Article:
Vic government taskforce to tackle workplace sexual harassment

By Shannon Jenkins

Monday March 8, 2021

Michael McNamara will lead Victoria’s new digital transformation agency.
Michael McNamara will lead Victoria’s new digital transformation agency. (Image: Treasury Gardens, Melbourne. Adobe/Greg Brave)

The Victorian government has launched a taskforce to address sexual harassment in workplaces across the state through the development of a range of new reforms, including a mandatory incident-notification scheme.

The taskforce, announced by workplace safety minister Ingrid Stitt, minister for women Gabrielle Williams, and acting premier James Merlino on Monday, will look at ways to bolster the occupational health and safety framework to address sexual harassment.

The group will also clarify employer obligations to improve accountability, consider ways to prevent the misuse of non-disclosure agreements in sexual harassment matters, and support workers to speak up against sexual harassment.

“Too many women have had to deal with the disrespect, humiliation and intimidation of sexual harassment when we are simply trying to do our jobs — these reforms will go a long way to improving workplace culture for everyone,” Williams said in a statement.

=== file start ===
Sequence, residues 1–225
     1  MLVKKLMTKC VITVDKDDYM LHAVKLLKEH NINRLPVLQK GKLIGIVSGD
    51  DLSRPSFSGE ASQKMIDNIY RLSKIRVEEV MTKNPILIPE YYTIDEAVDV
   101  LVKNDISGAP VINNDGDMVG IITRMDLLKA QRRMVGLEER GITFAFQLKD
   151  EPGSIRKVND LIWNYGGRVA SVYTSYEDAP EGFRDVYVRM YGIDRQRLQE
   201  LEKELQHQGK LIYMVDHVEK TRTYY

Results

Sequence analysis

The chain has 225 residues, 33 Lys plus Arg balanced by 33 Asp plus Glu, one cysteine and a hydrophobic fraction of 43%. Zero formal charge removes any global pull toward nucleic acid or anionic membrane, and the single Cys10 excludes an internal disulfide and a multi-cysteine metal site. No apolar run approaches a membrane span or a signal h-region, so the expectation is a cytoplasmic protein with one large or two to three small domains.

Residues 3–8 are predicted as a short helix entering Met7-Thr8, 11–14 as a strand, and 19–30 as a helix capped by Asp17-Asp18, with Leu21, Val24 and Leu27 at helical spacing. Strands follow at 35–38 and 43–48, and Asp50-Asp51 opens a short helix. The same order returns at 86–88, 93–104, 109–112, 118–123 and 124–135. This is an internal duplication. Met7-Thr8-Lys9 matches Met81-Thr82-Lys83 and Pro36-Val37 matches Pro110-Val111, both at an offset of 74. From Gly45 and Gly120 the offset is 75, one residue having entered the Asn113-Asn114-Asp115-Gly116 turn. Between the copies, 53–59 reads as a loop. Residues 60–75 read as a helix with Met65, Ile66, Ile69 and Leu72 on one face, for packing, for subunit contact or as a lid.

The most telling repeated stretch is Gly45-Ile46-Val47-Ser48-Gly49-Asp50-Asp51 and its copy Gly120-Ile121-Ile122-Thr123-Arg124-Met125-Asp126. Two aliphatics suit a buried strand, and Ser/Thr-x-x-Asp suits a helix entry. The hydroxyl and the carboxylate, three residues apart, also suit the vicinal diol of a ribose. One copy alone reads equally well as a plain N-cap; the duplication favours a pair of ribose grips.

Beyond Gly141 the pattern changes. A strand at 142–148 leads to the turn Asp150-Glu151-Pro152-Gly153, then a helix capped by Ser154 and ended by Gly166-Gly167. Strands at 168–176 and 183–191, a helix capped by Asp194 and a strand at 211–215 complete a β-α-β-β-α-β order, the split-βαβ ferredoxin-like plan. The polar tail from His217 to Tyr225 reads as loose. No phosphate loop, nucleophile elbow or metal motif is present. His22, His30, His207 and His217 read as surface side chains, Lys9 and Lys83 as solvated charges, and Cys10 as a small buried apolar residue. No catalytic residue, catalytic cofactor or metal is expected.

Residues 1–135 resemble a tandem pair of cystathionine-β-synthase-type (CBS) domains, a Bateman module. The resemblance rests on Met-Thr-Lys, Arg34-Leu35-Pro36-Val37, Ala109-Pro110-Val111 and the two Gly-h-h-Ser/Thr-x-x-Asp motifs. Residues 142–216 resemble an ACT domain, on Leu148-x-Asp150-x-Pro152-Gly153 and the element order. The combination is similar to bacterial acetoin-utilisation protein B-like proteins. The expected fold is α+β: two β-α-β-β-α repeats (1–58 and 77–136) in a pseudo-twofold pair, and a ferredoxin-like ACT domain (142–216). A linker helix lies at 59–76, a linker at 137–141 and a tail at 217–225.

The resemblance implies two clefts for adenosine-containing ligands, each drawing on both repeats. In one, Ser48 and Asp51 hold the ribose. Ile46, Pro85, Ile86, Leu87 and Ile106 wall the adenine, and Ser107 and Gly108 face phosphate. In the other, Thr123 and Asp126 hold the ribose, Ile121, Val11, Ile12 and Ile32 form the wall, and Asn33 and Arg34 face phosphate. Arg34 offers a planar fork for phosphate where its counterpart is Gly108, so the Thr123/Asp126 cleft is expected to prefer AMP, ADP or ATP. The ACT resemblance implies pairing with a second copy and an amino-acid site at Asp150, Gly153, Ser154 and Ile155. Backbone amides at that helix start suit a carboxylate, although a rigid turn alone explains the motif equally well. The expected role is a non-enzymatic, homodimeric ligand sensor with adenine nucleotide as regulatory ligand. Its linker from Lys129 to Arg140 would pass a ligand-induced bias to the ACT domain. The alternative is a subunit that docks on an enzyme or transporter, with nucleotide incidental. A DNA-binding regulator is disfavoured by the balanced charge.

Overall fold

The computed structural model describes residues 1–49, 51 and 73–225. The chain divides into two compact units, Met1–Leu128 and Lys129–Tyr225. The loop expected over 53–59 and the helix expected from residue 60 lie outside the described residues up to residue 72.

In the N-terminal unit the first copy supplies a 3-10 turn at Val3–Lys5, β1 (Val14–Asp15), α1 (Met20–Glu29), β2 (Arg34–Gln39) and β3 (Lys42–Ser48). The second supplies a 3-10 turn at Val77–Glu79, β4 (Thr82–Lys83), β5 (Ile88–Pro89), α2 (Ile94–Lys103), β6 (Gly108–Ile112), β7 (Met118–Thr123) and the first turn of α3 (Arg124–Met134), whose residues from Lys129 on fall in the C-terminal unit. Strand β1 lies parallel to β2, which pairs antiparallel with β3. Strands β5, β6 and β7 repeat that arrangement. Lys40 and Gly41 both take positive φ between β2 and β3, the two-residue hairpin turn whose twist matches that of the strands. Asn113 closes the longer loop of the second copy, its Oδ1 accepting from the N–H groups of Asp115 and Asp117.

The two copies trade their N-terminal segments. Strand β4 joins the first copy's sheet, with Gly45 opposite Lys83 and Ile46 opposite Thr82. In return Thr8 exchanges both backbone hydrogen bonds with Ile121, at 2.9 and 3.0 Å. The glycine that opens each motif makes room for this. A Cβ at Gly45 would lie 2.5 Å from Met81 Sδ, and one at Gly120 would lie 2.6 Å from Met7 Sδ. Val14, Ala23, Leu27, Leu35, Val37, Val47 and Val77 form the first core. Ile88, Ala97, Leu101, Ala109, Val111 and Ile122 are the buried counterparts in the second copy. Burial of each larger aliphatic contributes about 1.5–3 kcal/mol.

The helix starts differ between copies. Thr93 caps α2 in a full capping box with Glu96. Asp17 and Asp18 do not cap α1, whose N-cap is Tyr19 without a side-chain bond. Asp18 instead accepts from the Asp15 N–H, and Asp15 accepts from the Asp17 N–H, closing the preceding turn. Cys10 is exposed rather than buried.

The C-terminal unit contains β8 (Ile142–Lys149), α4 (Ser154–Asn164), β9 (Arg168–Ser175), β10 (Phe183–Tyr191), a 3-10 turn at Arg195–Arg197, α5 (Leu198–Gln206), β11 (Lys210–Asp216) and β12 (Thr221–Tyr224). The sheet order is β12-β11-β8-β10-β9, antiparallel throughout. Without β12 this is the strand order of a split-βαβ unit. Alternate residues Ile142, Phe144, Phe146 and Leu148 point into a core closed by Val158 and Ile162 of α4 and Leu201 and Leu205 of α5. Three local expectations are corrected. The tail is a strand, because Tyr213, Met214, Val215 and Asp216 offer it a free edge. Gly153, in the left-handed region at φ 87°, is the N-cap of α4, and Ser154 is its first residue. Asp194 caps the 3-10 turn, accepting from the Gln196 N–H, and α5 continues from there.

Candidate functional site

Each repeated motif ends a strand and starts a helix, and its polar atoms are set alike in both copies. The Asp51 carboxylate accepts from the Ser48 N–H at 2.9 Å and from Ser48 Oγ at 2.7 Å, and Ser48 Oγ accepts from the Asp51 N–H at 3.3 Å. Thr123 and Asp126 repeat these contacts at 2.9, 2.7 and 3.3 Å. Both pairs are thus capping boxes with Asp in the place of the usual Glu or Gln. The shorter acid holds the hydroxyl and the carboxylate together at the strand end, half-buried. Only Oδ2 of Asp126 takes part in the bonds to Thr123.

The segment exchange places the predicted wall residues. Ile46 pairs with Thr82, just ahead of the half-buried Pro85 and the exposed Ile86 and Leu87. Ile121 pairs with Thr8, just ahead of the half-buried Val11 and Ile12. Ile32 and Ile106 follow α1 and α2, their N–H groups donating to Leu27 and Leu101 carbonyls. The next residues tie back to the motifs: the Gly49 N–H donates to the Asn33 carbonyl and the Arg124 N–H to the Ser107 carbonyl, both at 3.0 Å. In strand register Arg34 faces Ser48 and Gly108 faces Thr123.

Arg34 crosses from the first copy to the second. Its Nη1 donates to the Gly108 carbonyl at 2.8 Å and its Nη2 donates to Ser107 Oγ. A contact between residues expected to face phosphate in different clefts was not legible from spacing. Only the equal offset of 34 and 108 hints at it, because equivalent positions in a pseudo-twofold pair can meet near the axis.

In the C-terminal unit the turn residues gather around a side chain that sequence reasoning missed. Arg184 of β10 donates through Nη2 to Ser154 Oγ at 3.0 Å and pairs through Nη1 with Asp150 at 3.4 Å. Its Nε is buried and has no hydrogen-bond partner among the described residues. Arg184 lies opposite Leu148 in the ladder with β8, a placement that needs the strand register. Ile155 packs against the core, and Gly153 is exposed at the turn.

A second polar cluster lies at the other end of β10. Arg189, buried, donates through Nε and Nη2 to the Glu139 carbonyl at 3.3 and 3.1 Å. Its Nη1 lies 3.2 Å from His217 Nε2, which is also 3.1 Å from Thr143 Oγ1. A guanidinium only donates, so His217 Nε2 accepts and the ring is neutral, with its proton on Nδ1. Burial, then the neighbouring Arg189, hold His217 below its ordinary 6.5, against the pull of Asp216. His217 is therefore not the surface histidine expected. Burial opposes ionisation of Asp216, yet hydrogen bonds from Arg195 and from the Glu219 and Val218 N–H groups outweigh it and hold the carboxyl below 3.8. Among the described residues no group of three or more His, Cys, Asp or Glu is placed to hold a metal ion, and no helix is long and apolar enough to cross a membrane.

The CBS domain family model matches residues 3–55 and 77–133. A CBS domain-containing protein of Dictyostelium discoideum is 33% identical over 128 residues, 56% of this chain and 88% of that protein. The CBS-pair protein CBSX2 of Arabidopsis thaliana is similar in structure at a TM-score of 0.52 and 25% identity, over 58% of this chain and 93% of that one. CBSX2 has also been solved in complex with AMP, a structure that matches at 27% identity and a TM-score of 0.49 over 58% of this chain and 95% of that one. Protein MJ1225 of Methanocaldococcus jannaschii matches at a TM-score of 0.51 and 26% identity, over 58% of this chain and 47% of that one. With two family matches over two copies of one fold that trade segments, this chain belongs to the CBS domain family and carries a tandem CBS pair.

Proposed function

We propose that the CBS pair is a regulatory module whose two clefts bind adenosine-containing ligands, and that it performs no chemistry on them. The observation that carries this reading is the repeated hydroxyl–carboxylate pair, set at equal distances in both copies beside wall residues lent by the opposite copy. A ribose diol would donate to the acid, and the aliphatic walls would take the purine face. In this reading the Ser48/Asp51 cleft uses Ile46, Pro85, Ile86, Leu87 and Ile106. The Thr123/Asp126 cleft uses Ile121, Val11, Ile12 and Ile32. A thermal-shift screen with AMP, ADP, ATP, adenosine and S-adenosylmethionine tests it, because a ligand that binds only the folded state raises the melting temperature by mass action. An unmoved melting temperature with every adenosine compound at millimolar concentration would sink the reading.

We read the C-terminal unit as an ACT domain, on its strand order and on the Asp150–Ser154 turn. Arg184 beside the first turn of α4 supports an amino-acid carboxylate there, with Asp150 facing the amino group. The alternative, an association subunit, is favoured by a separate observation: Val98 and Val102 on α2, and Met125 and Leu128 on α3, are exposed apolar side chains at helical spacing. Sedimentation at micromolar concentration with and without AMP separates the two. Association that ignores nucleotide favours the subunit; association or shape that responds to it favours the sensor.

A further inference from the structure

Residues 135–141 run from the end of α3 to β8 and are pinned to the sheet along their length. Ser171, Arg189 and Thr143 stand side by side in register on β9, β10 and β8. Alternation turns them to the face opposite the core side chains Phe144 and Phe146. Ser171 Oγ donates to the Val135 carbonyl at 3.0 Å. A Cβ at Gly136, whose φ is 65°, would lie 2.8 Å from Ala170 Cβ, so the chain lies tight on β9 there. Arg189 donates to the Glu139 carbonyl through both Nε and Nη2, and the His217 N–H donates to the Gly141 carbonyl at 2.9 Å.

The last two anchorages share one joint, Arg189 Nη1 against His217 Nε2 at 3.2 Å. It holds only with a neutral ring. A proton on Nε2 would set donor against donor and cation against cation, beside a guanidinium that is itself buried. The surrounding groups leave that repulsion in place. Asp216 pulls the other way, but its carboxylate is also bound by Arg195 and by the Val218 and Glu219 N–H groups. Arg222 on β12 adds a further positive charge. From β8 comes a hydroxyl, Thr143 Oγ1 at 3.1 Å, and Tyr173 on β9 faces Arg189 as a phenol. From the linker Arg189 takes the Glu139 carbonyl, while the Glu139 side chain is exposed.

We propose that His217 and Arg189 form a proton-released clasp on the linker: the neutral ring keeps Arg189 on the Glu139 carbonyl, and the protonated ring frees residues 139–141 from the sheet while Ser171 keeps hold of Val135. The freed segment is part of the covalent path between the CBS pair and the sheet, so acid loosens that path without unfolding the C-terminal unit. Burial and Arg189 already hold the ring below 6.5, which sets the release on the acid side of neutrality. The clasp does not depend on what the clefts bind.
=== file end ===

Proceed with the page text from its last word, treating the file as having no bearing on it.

Parliamentary secretary for workplace safety Bronwyn Halfpenny and Equal Workplaces Advisory Council chair Liberty Sanger will co-chair the taskforce, which will also include union, employer and legal representatives.

They will deliver their advice to the state government later this year.

READ MORE: Victorian councils failing to provide workplaces that are free from sexual harassment, audit finds

A consultation-informed mandatory incident notification scheme that requires employers to notify WorkSafe Victoria of workplace sexual harassment will be a key aspect of the reform program, according to Stitt.

“A mandatory incident notification scheme will ensure the onus is not just on victims to report, but that employers have clear obligations — and will mean sexual harassment can’t be swept under the carpet,” she said in a statement.

WorkSafe and the Victorian Equal Opportunity and Human Rights Commission will also sign a Memorandum of Understanding allowing them to share information, refer inquiries and complaints to each other, and collaborate on inspections, education and promotional activities to address workplace sexual harassment.

WorkSafe inspectors will also receive targeted training on best-practice responses for sexual harassment incidents, the state government said.

Coinciding with the creation of the taskforce and International Women’s Day, WorkSafe has also launched a new campaign that aims to raise awareness of what workplace harassment is, and encourage staff to call out unacceptable behaviour.

It will also educate employers on their responsibilities, including that failing to protect their staff from workplace sexual harassment is against the law.

The Victorian government has made the announcements just weeks after former federal ministerial staffer Brittany Higgins alleged that she had been raped by a colleague at Parliament House in 2019, and allegations of sexual assault were made against federal attorney-general Christian Porter.

READ MORE: Victoria appoints first gender equality commissioner


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